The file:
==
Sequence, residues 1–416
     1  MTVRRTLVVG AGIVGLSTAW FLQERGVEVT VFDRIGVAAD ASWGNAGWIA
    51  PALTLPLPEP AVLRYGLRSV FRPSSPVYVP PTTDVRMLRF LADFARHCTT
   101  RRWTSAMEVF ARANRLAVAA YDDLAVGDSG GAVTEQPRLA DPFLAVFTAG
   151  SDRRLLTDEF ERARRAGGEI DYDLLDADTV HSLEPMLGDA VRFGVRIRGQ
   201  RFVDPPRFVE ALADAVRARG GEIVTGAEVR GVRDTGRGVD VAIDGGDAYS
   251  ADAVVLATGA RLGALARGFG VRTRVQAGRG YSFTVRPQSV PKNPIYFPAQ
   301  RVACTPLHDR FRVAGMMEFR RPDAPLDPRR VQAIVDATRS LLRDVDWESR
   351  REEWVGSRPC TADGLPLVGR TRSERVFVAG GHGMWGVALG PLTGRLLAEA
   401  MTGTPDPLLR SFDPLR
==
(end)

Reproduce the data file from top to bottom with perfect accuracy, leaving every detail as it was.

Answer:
Sequence, residues 1–416
     1  MTVRRTLVVG AGIVGLSTAW FLQERGVEVT VFDRIGVAAD ASWGNAGWIA
    51  PALTLPLPEP AVLRYGLRSV FRPSSPVYVP PTTDVRMLRF LADFARHCTT
   101  RRWTSAMEVF ARANRLAVAA YDDLAVGDSG GAVTEQPRLA DPFLAVFTAG
   151  SDRRLLTDEF ERARRAGGEI DYDLLDADTV HSLEPMLGDA VRFGVRIRGQ
   201  RFVDPPRFVE ALADAVRARG GEIVTGAEVR GVRDTGRGVD VAIDGGDAYS
   251  ADAVVLATGA RLGALARGFG VRTRVQAGRG YSFTVRPQSV PKNPIYFPAQ
   301  RVACTPLHDR FRVAGMMEFR RPDAPLDPRR VQAIVDATRS LLRDVDWESR
   351  REEWVGSRPC TADGLPLVGR TRSERVFVAG GHGMWGVALG PLTGRLLAEA
   401  MTGTPDPLLR SFDPLR